Letters to the Editor: Pacquiao’s Lightning Punches, Remakes Lost in Translation, Prop 8 ‘Yes’ Bandwagon, What the Country Needs

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Pacquiao’s Lightning Punches
As I was in Vegas watching the fight with my own eyes (“Pacquiao vs. De La Hoya,” Dec. 12), the quickness of Manny Pacquiao seemed to come so fast that his punches looked like a clip of a slow motion film. Similar to the Matrix-style gun shooting, I felt like the gloves of the “Pacman” were creating sonic waves in the air as they connected with De La Hoya’s face.

Josh Riturban
Los Angeles, Calif., Dec. 12

Remakes Lost in Translation
When Asian movies are remade, the cultural flavors are lost in translation (Reel Stories, Dec. 12). The original movies are already complex and good, so the remakes tend to pale in comparison. Occasionally a remake works because the cultural elements are the same or can be replaced in another culture. There is no need for remakes if Americans are not too lazy to read subtitles. Plus, they can find more satisfaction in watching movies because foreign movies provide a wealth of stories that American movies don’t make due to the bottom line.

Hue Huynh
Castro Valley, Calif., Dec. 13

Prop 8 ‘Yes’ Bandwagon
As a pastor at a multi-Asian Christian church, our members voted either yes or no on Prop 8 but did not make an issue of it (“Behind the Asian American Split Vote on Prop 8,” Nov. 28). This was such a divisive issue that I held my vote on Prop 8 close to my vest. Our refusal to jump on the “yes” bandwagon sent a message to our people — that we will not be drawn into this fight that will put at risk our progress in making inroads for the greater community.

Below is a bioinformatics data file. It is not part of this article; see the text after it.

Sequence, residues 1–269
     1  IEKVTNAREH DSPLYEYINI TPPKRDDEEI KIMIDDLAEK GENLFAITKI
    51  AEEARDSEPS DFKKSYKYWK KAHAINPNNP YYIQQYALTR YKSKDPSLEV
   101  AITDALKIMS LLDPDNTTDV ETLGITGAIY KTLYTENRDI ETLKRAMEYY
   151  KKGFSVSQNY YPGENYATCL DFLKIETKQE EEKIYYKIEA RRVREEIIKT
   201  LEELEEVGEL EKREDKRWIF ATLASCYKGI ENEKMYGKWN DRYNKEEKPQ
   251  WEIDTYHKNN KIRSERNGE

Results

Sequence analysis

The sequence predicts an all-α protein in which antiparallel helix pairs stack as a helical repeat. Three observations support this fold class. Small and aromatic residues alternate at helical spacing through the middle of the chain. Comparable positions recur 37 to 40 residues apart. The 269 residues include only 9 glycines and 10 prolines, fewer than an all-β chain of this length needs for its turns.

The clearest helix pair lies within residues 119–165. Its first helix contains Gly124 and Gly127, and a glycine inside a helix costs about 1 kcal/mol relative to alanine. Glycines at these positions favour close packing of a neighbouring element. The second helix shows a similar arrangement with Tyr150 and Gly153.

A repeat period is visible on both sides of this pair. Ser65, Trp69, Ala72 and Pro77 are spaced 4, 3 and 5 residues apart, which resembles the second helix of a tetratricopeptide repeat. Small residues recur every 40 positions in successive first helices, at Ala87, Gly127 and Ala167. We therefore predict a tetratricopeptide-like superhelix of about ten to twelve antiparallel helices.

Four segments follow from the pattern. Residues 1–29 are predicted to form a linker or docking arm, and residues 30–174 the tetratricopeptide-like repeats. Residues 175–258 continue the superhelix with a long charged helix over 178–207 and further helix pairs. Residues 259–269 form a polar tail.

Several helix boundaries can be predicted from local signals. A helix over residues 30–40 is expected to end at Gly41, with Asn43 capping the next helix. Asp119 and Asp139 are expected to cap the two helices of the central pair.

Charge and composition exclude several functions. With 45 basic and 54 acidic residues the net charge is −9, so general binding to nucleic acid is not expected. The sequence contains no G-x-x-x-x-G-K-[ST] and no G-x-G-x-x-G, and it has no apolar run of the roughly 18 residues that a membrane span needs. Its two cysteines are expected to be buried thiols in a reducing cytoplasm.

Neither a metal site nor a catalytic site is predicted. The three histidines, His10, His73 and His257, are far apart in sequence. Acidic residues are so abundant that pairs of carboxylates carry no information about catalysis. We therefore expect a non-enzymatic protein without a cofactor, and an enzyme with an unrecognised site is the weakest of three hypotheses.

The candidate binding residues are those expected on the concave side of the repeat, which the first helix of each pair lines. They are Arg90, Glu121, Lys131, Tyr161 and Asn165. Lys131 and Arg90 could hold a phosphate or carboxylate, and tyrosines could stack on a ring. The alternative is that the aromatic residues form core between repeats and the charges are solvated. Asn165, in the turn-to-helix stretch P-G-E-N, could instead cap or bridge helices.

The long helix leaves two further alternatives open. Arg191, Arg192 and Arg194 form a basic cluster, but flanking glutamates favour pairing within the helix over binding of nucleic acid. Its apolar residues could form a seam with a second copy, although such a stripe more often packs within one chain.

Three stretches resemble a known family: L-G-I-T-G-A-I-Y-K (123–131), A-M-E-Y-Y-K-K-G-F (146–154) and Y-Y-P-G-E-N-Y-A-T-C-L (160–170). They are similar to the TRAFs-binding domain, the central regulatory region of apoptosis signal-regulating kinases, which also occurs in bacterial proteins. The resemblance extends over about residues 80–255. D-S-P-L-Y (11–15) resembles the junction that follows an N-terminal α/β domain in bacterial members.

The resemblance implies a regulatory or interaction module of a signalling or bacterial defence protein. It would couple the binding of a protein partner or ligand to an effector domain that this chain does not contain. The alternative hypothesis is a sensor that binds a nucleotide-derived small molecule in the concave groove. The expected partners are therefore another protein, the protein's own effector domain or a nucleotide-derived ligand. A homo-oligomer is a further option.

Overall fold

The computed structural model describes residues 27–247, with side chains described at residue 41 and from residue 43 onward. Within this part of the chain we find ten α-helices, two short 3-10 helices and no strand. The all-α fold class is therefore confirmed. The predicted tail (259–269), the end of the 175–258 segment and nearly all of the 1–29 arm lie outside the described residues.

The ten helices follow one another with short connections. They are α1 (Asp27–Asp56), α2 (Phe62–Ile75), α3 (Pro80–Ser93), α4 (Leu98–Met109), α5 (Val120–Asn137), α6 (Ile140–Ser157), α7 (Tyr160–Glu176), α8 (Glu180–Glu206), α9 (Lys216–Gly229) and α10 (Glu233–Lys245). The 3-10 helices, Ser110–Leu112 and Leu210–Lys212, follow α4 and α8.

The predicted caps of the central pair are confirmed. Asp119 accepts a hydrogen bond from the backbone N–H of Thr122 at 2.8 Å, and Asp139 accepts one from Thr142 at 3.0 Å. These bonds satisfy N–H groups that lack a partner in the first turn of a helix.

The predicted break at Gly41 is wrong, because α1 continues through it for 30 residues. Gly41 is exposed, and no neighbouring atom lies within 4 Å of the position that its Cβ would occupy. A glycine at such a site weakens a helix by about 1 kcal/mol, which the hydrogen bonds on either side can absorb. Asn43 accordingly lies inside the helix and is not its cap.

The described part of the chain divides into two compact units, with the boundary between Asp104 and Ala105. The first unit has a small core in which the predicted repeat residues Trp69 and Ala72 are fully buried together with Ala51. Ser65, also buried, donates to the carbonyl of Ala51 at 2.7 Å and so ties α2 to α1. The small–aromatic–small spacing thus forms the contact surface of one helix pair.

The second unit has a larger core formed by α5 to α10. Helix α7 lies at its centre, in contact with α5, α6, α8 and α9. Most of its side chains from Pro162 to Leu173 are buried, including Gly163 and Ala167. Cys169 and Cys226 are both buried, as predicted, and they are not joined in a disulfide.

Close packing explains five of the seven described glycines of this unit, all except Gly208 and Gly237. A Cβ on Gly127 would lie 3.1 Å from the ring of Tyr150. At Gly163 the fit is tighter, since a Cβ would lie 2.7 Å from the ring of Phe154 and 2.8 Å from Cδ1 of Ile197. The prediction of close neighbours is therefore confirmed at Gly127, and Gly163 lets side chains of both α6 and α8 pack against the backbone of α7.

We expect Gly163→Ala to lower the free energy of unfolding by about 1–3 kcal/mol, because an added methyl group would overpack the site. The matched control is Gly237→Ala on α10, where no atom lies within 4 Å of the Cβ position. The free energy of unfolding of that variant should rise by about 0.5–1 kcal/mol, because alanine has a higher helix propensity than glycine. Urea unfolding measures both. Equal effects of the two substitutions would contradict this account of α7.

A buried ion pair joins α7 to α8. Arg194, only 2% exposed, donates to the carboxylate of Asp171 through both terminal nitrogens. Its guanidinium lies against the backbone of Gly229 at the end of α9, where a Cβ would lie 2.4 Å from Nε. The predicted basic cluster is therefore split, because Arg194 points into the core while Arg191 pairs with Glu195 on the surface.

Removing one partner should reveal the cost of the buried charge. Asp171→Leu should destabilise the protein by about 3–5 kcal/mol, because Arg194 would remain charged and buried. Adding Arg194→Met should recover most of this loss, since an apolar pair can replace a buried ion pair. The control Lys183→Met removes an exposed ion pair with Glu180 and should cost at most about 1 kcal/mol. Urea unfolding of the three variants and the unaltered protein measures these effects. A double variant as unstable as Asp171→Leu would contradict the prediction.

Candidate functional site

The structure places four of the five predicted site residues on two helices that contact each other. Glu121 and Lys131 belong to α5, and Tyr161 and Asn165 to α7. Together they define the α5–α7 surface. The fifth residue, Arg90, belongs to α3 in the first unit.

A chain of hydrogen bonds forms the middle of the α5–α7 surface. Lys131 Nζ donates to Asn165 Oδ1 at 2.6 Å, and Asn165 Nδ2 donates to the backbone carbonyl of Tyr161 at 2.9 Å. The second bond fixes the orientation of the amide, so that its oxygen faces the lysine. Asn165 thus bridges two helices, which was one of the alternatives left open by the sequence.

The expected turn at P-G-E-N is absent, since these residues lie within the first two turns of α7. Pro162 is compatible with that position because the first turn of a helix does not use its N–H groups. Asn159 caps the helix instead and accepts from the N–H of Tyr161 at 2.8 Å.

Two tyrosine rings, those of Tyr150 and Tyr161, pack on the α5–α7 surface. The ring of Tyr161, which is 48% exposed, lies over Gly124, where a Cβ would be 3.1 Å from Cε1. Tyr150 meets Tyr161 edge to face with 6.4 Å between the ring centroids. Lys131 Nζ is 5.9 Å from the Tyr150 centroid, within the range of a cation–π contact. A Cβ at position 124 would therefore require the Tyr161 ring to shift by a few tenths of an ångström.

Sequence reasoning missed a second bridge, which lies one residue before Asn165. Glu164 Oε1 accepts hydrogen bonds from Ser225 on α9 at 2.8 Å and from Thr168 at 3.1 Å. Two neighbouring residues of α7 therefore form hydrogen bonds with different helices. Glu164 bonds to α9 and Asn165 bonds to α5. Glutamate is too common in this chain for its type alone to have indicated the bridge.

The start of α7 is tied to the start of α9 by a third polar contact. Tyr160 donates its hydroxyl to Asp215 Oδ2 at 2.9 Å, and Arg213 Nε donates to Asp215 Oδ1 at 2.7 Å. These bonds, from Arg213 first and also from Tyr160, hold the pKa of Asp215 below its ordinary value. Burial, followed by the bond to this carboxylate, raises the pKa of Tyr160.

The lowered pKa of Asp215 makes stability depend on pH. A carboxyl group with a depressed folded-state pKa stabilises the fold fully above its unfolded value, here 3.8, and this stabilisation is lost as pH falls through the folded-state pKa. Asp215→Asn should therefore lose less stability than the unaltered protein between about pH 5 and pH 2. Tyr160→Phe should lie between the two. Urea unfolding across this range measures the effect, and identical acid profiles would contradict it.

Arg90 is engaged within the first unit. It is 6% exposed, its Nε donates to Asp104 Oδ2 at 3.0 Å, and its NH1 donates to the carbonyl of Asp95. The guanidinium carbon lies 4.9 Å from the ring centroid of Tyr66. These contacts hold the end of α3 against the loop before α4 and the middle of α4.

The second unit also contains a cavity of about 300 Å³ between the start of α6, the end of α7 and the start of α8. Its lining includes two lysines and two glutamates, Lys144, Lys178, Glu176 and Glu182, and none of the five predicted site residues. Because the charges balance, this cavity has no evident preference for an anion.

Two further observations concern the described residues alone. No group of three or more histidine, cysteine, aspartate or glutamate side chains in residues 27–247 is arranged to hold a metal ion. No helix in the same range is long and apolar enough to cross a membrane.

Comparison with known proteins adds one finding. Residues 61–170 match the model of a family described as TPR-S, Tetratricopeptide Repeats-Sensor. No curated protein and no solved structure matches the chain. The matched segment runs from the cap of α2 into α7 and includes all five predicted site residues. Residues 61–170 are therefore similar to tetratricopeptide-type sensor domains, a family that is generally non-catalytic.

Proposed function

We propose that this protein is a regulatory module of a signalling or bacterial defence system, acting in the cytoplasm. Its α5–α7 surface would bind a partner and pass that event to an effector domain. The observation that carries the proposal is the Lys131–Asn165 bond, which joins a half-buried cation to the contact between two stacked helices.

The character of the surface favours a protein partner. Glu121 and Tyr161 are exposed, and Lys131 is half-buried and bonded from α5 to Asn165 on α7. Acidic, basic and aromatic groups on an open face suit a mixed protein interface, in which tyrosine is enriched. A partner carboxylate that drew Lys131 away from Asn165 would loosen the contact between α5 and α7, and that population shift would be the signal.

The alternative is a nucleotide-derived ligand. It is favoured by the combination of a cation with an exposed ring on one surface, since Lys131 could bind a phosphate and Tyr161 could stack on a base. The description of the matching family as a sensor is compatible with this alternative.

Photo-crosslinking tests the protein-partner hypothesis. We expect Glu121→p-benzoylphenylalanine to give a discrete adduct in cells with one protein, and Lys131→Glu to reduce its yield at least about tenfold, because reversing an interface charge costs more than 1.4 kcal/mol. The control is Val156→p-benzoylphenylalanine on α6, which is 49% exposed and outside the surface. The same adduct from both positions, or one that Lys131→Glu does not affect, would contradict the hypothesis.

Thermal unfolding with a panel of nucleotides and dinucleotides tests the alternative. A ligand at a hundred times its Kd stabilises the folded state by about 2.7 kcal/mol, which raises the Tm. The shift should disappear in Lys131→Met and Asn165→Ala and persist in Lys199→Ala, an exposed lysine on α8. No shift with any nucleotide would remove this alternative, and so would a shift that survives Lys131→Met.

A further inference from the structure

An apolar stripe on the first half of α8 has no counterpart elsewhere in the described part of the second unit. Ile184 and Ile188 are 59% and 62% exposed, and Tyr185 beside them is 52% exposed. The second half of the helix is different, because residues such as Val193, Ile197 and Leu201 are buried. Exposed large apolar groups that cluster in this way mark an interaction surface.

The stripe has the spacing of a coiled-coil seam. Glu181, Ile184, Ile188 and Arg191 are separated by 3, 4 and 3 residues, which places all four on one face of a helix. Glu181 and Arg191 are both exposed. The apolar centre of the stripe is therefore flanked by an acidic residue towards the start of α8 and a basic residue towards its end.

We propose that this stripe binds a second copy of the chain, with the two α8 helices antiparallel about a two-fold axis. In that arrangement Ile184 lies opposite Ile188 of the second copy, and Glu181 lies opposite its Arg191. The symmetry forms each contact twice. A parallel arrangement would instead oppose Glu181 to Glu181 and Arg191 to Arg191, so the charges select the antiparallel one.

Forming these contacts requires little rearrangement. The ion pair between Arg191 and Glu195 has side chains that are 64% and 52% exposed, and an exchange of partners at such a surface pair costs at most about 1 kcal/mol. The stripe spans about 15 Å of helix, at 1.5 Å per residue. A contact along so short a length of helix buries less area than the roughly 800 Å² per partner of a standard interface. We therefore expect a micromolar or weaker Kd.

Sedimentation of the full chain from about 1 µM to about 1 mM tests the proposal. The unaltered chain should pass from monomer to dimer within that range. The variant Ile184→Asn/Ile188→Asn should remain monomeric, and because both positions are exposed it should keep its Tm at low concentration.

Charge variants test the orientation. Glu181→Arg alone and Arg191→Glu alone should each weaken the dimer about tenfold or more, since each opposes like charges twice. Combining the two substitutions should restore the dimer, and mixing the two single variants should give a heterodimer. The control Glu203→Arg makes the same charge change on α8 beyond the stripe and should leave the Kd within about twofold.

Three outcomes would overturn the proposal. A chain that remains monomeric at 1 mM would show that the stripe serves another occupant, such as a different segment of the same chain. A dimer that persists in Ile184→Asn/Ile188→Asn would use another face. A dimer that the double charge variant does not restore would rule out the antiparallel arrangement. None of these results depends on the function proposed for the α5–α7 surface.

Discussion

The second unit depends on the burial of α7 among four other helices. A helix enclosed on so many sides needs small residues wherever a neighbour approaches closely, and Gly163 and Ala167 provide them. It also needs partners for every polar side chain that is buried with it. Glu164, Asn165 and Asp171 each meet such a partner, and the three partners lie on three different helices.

Rev. Dr. Ken Fong
Rosemead, Calif., Dec. 10


What the Country Needs

Stop focusing on the legal status and focus on the benefits (“Not ‘A Mexican Thing’: Undocumented Asian Students Face Stigma,” Nov. 7). The U.S. has already invested in K-12 education for these children and quite a few of them are intelligent enough to make it to college. Why not allow them to stay, grant them citizenship and allow them to invest back into the country? Paid citizens equal tax-payers.

We need people, educated and non-educated. We need them for social security, to become educated to make money and to buy houses. The economy cannot survive without them. How can you blame someone for the choices their parents made? And if you go back to the situation that their parents were in, how could you blame the parents for making the choices they made?

Erika Torres
Montebello, Calif., Dec. 2

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